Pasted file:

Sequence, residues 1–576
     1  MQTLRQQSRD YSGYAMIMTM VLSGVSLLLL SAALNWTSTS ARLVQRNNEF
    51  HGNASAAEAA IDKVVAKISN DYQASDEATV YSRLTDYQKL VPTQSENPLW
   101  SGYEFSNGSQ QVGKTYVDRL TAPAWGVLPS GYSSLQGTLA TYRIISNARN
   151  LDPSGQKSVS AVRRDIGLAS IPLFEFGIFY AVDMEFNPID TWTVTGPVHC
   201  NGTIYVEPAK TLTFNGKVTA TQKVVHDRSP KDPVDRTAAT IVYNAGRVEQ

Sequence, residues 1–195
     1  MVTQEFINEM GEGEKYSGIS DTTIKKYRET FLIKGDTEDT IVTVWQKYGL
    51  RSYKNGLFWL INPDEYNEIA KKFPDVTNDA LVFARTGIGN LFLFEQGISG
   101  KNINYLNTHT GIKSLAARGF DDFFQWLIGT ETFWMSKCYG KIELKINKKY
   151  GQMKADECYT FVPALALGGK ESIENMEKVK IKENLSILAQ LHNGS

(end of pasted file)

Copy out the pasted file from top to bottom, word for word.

Sequence, residues 1–576
     1  MQTLRQQSRD YSGYAMIMTM VLSGVSLLLL SAALNWTSTS ARLVQRNNEF
    51  HGNASAAEAA IDKVVAKISN DYQASDEATV YSRLTDYQKL VPTQSENPLW
   101  SGYEFSNGSQ QVGKTYVDRL TAPAWGVLPS GYSSLQGTLA TYRIISNARN
   151  LDPSGQKSVS AVRRDIGLAS IPLFEFGIFY AVDMEFNPID TWTVTGPVHC
   201  NGTIYVEPAK TLTFNGKVTA TQKVVHDRSP KDPVDRTAAT IVYNAGRVEQ

Sequence, residues 1–195
     1  MVTQEFINEM GEGEKYSGIS DTTIKKYRET FLIKGDTEDT IVTVWQKYGL
    51  RSYKNGLFWL INPDEYNEIA KKFPDVTNDA LVFARTGIGN LFLFEQGISG
   101  KNINYLNTHT GIKSLAARGF DDFFQWLIGT ETFWMSKCYG KIELKINKKY
   151  GQMKADECYT FVPALALGGK ESIENMEKVK IKENLSILAQ LHNGS